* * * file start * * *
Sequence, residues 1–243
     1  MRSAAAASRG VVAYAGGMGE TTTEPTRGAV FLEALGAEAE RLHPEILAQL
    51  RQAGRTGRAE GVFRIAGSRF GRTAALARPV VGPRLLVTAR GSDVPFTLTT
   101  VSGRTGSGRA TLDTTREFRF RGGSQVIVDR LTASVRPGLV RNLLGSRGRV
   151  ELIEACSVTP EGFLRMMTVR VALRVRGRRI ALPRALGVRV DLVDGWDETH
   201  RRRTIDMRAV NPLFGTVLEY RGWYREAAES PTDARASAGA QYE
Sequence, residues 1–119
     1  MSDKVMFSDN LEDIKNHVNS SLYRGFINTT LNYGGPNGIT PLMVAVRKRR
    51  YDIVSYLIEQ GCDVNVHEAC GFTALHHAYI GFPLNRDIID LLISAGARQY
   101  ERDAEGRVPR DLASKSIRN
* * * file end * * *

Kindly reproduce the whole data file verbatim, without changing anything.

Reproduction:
Sequence, residues 1–243
     1  MRSAAAASRG VVAYAGGMGE TTTEPTRGAV FLEALGAEAE RLHPEILAQL
    51  RQAGRTGRAE GVFRIAGSRF GRTAALARPV VGPRLLVTAR GSDVPFTLTT
   101  VSGRTGSGRA TLDTTREFRF RGGSQVIVDR LTASVRPGLV RNLLGSRGRV
   151  ELIEACSVTP EGFLRMMTVR VALRVRGRRI ALPRALGVRV DLVDGWDETH
   201  RRRTIDMRAV NPLFGTVLEY RGWYREAAES PTDARASAGA QYE
Sequence, residues 1–119
     1  MSDKVMFSDN LEDIKNHVNS SLYRGFINTT LNYGGPNGIT PLMVAVRKRR
    51  YDIVSYLIEQ GCDVNVHEAC GFTALHHAYI GFPLNRDIID LLISAGARQY
   101  ERDAEGRVPR DLASKSIRN